Lizard Microhabitat and Microclimate Relationships in Southeastern Pine-Hardwood Forests Managed With Prescribed Burning and Thinning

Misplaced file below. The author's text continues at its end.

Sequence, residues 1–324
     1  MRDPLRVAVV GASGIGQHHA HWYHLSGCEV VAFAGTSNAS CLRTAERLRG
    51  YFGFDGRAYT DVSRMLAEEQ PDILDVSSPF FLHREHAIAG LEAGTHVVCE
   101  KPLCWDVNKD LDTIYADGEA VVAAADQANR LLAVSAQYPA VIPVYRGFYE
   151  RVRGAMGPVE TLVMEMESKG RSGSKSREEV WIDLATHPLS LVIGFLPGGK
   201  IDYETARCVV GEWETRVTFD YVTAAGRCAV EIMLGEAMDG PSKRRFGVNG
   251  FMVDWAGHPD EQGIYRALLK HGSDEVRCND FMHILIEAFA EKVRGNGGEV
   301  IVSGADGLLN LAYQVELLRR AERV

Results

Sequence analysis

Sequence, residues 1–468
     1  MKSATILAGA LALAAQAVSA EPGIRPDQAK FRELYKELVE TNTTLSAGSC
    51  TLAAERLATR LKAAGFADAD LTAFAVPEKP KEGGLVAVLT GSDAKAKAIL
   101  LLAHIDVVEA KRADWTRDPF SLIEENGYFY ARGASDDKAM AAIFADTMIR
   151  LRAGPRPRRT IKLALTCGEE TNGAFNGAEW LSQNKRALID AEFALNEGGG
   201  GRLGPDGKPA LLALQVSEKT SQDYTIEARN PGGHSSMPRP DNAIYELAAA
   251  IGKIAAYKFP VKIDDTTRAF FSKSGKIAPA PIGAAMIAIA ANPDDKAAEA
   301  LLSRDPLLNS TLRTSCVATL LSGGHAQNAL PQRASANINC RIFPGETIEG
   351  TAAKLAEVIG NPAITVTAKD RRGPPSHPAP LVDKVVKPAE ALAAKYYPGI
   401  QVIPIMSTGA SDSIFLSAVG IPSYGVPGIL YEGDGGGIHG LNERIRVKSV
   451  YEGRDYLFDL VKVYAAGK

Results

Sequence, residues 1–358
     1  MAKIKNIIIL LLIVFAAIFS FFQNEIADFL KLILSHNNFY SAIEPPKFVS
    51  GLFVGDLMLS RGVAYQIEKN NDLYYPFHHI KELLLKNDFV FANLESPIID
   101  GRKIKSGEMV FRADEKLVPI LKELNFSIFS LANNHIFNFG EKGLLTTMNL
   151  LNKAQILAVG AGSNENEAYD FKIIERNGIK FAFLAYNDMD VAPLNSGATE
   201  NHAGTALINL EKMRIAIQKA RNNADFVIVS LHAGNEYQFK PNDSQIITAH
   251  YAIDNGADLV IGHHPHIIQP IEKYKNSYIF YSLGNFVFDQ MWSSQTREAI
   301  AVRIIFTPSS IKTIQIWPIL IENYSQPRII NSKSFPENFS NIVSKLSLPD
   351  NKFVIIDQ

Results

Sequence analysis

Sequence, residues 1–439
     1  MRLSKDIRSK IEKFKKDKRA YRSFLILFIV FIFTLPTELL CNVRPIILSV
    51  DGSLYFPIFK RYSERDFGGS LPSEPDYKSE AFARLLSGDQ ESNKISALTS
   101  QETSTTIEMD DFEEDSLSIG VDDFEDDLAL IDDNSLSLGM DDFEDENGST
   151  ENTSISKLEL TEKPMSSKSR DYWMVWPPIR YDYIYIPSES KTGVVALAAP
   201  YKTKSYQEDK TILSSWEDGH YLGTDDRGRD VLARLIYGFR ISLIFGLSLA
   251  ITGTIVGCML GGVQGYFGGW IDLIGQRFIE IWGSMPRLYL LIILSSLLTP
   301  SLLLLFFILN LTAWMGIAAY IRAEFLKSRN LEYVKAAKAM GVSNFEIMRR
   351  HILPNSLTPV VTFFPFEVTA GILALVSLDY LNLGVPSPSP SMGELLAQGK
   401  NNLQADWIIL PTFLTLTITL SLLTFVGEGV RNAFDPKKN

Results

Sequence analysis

Understanding the impacts of disturbances in forest ecosystems is essential for long-term biodiversity conservation. Many studies have evaluated wildlife responses to various disturbances but most generally do not use changes in microclimate features or crohabitat structure to explain these responses. We examined lizard responses to two common forest management practices prescribed burning and thinning) in pine-hardwood forests of the Bankhead National Forest, Alabama, USA. Over 4 years, we captured 719 individual lizards representing seven species. Lizards exhibited species-specific responses to forest management: eastern fence lizard (Sceloporus undulatus) captures were positively associated with an increasing forest disturbance gradient and were greatest in thin with burn treatments, whereas little brown skink (Scincella lateralis) captures were positively associated with increasing litter depth and were greatest in control sites during the first year posttreatment. Green anole (Anolis carolinensis) captures increased in forest stands with concomitant increases in air temperature, whereas common five-lined skink (Plestiodon fasciatus) captures were related to coarse woody debris cover during posttreatment sampling. We were unable to detect a treatment response or microhabitat/microclimate associations for broad-headed skinks (Plestiodon laticeps). Through an information-theoretic approach, we were able to identify treatment effects along with changes in microclimate and microhabitat features potentially responsible for driving responses of southeastern lizard species to forest management.